In his evidence brief, Lavis also raises the question, but never answers, how this shift in services is to take place “while not imperilling the hospitals that have historically provided them.”
That is a good question, especially with hospitals made fragile by years of deliberate underfunding the government claims is part of this plan to shift services.
Lavis notes in his evidence review that full-time speciality clinics could end up taking out of the public hospitals specialists who provide in-patient coverage, consultation, education and emergency room coverage.
It could also impact the critical mass that hospitals need to maintain services. The activities the private clinics could siphon off would very much leave hospitals with the more complex cases at a much higher cost — or what experts refer to as “cream skimming.”
This whole notion of community versus hospital is an interesting dichotomy, especially when several hospitals – such as Kingston’s Hotel Dieu and Martin’s own Women’s College Hospital – would be themselves defined as “community-based” for simply not having an emergency room.
Natalie Mehra, fresh off an Ontario Health Coalition campaign that has yielded more than 55,000 signed postcards opposing the further transfer of hospital services, says it could come down to equity of access.
Mehra makes the point that these clinics will be clustered in large urban centers mostly in the south. She pointed to a battle raging in Midland where local ophthalmology services are threatened by such a competition for services. That means Georgian Bay residents could have to travel to Barrie or beyond for cataract surgery. It also impacts on the ability of local doctors to make referrals.
Lavis says a similar movement in the United States led to most specialty clinics being located in mostly white middle class neighborhoods, disenfranchising many African-Americans. However, he does not think the same situation would necessarily follow in Canada.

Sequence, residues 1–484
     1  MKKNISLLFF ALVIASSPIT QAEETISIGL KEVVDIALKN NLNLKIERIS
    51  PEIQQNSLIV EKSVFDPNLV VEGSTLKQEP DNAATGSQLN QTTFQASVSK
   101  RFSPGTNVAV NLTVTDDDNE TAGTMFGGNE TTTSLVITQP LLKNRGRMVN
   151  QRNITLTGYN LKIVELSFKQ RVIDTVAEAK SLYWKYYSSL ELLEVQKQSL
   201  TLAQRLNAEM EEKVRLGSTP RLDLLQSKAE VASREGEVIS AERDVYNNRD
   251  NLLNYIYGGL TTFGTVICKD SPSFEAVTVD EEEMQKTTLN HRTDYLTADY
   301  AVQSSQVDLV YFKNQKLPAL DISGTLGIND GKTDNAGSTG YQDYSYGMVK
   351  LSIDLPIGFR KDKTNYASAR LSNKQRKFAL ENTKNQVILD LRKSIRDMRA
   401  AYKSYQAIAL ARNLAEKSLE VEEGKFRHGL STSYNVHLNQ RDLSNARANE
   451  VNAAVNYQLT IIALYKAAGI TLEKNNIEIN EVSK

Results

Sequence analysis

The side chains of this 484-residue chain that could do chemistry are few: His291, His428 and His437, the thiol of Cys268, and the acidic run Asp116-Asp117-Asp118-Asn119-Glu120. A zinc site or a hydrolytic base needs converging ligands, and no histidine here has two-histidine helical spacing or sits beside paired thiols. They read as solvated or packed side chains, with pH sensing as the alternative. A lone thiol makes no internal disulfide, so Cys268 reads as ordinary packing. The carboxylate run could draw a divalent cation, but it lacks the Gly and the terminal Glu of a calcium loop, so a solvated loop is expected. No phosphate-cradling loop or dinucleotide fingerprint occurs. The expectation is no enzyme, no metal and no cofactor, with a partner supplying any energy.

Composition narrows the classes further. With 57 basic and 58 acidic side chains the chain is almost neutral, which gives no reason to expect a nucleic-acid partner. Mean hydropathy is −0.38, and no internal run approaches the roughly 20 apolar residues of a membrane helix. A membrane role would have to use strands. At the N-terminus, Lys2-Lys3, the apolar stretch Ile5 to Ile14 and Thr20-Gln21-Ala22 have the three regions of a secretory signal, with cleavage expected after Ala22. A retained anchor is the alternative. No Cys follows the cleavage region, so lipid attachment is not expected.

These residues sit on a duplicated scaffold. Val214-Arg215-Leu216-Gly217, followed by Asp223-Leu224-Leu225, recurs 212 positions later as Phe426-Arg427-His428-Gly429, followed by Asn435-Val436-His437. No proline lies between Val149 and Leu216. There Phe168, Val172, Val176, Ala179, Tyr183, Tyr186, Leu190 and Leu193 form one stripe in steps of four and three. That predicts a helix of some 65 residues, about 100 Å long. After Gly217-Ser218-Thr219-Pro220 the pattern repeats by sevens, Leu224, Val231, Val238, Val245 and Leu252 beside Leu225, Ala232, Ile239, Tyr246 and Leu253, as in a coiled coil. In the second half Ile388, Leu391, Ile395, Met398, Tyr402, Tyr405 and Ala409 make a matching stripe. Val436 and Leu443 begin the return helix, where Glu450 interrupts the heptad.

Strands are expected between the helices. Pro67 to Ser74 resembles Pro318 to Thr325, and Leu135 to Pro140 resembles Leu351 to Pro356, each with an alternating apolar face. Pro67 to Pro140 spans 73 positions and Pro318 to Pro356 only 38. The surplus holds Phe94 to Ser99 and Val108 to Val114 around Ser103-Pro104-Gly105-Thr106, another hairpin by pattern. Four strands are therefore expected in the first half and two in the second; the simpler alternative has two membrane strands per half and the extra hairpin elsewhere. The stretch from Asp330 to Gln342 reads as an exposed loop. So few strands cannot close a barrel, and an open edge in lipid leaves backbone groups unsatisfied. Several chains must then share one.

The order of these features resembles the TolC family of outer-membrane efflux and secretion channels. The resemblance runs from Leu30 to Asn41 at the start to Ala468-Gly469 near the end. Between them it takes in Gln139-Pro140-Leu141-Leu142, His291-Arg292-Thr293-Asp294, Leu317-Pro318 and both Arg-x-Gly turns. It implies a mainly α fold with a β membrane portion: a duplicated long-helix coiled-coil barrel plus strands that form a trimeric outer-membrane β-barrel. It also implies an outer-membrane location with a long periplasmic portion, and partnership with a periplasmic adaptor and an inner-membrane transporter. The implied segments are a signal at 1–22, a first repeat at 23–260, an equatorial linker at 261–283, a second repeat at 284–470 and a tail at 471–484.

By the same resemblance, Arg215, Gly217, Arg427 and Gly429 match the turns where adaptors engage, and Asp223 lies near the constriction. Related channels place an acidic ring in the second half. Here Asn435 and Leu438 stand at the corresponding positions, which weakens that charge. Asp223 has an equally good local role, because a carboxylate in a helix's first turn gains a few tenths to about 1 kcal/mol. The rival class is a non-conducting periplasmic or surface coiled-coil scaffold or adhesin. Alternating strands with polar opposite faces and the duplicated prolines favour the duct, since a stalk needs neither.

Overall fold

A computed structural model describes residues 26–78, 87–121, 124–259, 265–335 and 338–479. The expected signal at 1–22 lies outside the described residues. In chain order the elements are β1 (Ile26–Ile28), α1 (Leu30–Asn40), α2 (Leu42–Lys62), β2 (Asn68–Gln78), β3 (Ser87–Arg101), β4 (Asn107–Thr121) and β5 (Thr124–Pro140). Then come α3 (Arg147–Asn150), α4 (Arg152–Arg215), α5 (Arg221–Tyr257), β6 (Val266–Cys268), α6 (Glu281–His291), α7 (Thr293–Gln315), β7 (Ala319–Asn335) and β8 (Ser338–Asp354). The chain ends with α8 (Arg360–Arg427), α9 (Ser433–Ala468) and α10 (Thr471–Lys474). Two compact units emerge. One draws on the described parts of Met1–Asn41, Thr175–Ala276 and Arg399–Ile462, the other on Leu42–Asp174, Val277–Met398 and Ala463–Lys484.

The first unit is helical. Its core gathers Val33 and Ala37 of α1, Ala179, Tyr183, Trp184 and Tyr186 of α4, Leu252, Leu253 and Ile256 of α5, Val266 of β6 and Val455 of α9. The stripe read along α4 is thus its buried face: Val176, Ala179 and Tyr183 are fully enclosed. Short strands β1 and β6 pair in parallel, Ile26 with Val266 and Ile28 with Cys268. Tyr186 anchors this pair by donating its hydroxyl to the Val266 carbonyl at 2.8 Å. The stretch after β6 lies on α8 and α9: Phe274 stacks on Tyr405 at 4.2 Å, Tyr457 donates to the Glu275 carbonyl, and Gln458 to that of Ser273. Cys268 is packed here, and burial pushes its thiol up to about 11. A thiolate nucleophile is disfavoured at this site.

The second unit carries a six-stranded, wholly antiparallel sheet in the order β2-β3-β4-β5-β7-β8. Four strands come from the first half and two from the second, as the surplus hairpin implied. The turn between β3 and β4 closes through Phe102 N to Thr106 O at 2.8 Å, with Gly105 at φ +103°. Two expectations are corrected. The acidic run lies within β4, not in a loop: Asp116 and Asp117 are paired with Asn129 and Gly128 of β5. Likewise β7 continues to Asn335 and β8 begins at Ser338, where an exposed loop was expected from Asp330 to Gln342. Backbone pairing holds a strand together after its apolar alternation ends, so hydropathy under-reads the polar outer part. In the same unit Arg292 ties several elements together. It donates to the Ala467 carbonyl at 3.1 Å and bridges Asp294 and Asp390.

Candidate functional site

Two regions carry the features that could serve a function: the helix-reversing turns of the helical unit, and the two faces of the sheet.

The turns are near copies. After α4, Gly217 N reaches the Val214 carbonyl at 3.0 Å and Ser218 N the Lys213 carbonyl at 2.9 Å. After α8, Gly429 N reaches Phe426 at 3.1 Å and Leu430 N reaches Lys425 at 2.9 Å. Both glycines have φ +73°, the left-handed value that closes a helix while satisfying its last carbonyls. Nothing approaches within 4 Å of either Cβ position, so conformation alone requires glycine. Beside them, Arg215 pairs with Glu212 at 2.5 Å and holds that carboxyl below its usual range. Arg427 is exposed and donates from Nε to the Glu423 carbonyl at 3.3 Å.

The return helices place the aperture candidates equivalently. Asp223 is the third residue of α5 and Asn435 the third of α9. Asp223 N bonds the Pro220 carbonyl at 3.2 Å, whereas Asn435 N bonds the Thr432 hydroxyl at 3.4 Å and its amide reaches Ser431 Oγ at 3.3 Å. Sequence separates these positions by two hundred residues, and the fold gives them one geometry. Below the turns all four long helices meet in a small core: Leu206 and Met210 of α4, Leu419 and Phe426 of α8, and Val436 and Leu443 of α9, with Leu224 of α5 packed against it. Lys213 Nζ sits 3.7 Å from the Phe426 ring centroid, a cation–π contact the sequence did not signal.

There is also the question of what happens to patients that are not well-suited to these speciality clinics, such as high risk patients or those with multiple co-morbidities. If hospitals are divesting themselves of services they also rely upon, how far will these patients have to travel to access reasonable and safe care?
Mehra says that community governance is virtually non-existent in the private clinics, noting that even the not-for-profit Kensington Eye Clinic does not open its annual general meeting or board to the public – the kind of transparency one would expect in a public hospital.
“It’s not community governance as we understand it,” said Mehra.
Mehra fears that the transfer of such services to the community is setting us up for all-out privatization of our health system.
Procedures such as chiropody, speech-language pathology and physiotherapy are already subjecting Ontarians to significant fees outside of a hospital setting.
Martin says that hospital governance of not-for-profit facilities may be the way to go, assuring the public that there is transparency and community oversight.
Lavis says opposition to community-based care is inconsistent – we appear to be okay with stand-alone private abortion and birthing clinics, but less so with other forms of privately-organized care.
Martin says Canadian Doctors for Medicare has developed a set of principles that could be applied to the decision-making around this issue. The Health Care Delivery Assessment Toolkit is intended to help policy-makers in defining whether a model of care is in the patient’s and public’s interest.
To see the CDM’s Toolkit, click here.